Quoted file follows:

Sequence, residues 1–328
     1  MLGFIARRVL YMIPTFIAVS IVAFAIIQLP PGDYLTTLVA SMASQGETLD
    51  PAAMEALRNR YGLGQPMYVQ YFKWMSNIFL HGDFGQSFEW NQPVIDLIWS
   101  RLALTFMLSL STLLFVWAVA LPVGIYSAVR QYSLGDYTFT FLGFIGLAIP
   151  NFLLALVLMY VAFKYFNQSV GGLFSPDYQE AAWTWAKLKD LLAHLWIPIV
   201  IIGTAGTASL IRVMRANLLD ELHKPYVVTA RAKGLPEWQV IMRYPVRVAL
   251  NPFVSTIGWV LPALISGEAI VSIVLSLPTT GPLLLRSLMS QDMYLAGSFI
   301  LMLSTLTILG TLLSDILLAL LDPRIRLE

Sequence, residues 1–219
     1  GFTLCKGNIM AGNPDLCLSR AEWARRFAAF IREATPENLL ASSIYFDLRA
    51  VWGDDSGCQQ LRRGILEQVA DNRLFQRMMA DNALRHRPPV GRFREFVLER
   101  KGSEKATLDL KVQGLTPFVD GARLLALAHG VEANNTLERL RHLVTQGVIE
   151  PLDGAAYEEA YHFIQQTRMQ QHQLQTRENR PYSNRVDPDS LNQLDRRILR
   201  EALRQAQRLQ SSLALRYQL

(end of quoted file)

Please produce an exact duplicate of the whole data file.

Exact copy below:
Sequence, residues 1–328
     1  MLGFIARRVL YMIPTFIAVS IVAFAIIQLP PGDYLTTLVA SMASQGETLD
    51  PAAMEALRNR YGLGQPMYVQ YFKWMSNIFL HGDFGQSFEW NQPVIDLIWS
   101  RLALTFMLSL STLLFVWAVA LPVGIYSAVR QYSLGDYTFT FLGFIGLAIP
   151  NFLLALVLMY VAFKYFNQSV GGLFSPDYQE AAWTWAKLKD LLAHLWIPIV
   201  IIGTAGTASL IRVMRANLLD ELHKPYVVTA RAKGLPEWQV IMRYPVRVAL
   251  NPFVSTIGWV LPALISGEAI VSIVLSLPTT GPLLLRSLMS QDMYLAGSFI
   301  LMLSTLTILG TLLSDILLAL LDPRIRLE

Sequence, residues 1–219
     1  GFTLCKGNIM AGNPDLCLSR AEWARRFAAF IREATPENLL ASSIYFDLRA
    51  VWGDDSGCQQ LRRGILEQVA DNRLFQRMMA DNALRHRPPV GRFREFVLER
   101  KGSEKATLDL KVQGLTPFVD GARLLALAHG VEANNTLERL RHLVTQGVIE
   151  PLDGAAYEEA YHFIQQTRMQ QHQLQTRENR PYSNRVDPDS LNQLDRRILR
   201  EALRQAQRLQ SSLALRYQL